The war in Italy was going slow and it looked like we would be in the same place for sometime. Some of the other pilots were building houses, so my tent mates and I thought that was a good idea. Materials were easy to get and labor was cheap. We hired three natives to make the mud bricks to dry in the sun. The mud bricks took a lot of water which we took from the area Lister Bag (water bag). This did not the please the GI who had to keep the Lister bag full of water so we gave him something that he needed- Money. We purchased cement in Cagliari and as soon as the bricks were dry we started the house. One night after dark a big truck drove up to where we had started the house with a load of two by fours and big beams we needed for the roof. Lt. Gasser had gone down to the Port at Calgary and some how managed to get truck and driver. We unloaded the lumber and the next day two MPs arrived at 444th Headquarters asking about lumber. The major told them he didn't know anything so they left. The major wanted to keep the pilots happy anyway he could., he remembered how hard living conditions were in North Africa when he was a lieutenant. In North Africa they lived in mud sometime, being one of the first B-26 squadron they had a lot to learn. When our house was finished, it had a nice cement floor with an Air Force star painted in the center, with one big room and a small dark room. At the back we had a storage room for hanging uniforms. The walls were plastered and painted white and we had some real pretty pictures all over the walls. On the side of the house we had a platform about 3 feet high with a 25-gallon tank with 80-octane gas in it. There was a wrecked German stuka airplane in a field, which had tubing on it. We needed the tubing to run a gas line inside our house to a stove, which we made out of an oil drum. On the stove we had a good valve set for a slow drip of gas. The drip made a little noise when it hit the bottom of the stove but it heated the house. Later we had to use 100-octane gas because the squadron's gas dump was running short of 80-octane gas. We hired a man who helped make the mud bricks for our house, he asked if he could keep the house clean. It was nice to have someone to make your bed and pick up any mess we made. He took our laundry to the laundry woman and did anything else we might need. This sounds like we might have been lazy, but everyone who built houses had the same deal.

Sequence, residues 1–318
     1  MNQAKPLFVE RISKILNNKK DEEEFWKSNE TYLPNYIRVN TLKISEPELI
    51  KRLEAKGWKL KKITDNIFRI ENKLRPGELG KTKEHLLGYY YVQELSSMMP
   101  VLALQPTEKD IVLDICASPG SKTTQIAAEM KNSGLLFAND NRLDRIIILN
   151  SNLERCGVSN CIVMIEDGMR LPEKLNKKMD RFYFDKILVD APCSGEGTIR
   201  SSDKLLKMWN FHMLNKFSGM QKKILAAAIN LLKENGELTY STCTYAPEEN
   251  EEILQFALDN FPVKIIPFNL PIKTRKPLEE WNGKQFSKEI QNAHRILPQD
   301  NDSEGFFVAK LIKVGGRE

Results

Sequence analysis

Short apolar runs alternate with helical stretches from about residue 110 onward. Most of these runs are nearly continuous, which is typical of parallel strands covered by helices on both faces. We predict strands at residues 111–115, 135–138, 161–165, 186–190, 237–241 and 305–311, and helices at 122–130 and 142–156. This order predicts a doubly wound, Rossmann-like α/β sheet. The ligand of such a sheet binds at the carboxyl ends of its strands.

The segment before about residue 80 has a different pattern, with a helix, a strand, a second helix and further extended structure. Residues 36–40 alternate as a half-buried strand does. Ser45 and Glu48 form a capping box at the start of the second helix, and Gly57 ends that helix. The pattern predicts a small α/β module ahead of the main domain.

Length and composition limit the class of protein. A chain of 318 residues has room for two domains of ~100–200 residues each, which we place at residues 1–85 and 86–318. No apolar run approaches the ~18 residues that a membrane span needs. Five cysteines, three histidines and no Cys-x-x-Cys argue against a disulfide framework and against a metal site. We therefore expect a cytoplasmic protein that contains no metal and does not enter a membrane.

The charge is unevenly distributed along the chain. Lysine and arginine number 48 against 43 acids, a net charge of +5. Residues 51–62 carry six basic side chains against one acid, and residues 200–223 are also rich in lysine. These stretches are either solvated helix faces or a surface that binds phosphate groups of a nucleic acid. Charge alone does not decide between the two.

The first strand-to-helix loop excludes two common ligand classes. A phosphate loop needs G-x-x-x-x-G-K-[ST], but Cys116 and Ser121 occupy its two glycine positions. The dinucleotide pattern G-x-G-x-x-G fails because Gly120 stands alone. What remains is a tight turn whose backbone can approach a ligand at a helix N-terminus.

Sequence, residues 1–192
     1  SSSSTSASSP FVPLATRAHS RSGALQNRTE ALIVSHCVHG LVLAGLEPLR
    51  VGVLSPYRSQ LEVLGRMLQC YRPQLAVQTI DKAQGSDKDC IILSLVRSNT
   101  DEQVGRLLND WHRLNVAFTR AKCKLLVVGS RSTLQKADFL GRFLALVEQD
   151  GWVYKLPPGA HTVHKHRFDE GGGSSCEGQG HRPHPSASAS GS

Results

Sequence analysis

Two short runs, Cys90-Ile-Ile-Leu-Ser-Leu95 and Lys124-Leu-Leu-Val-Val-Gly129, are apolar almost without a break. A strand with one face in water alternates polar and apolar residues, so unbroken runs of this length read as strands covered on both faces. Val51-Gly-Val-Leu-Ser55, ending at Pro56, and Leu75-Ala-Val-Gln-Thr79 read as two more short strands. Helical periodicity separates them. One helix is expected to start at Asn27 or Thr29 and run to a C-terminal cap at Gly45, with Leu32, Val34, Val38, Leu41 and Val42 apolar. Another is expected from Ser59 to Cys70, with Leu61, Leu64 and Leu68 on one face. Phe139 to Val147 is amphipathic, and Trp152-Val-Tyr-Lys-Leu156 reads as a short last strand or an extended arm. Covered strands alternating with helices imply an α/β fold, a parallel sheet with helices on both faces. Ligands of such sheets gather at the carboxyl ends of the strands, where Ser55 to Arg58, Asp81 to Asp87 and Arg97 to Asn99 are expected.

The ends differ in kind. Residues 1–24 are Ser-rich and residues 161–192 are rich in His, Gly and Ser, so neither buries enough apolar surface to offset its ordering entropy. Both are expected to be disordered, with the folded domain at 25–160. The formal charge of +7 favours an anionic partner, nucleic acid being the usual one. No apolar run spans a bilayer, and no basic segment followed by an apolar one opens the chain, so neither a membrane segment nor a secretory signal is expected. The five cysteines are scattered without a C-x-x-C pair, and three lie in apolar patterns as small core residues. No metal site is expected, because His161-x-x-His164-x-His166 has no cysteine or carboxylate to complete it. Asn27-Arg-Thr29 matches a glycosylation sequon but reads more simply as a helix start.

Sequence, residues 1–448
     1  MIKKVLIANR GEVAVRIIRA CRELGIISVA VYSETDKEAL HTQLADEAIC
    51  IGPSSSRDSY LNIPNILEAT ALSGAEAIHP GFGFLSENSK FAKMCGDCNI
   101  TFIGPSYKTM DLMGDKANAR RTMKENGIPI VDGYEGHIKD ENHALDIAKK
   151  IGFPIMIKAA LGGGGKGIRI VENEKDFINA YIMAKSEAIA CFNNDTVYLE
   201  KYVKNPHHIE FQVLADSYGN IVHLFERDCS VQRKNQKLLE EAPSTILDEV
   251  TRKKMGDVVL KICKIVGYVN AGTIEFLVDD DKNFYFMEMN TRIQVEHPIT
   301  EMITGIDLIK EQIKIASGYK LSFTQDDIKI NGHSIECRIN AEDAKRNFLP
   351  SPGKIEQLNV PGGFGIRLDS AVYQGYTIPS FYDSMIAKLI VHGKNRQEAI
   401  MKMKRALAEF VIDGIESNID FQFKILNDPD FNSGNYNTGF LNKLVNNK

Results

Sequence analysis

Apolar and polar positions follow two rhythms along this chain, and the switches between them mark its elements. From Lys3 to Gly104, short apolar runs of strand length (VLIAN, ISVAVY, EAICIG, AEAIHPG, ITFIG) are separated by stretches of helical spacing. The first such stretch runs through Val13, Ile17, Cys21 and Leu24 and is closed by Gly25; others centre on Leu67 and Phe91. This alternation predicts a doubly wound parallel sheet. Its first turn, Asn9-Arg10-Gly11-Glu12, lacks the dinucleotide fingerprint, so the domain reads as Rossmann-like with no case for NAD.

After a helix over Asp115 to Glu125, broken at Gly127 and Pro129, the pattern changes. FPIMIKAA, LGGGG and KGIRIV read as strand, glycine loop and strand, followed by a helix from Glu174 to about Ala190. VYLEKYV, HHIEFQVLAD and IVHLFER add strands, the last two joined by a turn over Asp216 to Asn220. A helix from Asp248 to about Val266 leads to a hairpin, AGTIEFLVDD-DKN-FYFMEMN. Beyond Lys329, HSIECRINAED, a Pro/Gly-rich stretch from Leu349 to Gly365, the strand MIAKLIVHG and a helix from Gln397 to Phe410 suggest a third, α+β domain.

Lt. Johnson had been a photographer for a San Diego paper so he knew what we needed for a dark room. We were able to get all the supplies we needed from the base photo lab. We were able to get long rolls of film about twelve inches wide and three inches thick. I made an enlarger from tin from a bomb case which fit on the back of Lt. Johnson's good camera which worked fine. We could not use the enlarger until nightfall when they turned the lights on. The big light bulb in the enlarger took a lot of electricity, this sometimes caused the lights in the squadron to dim so headquarters would send someone down and tell us to turn it off.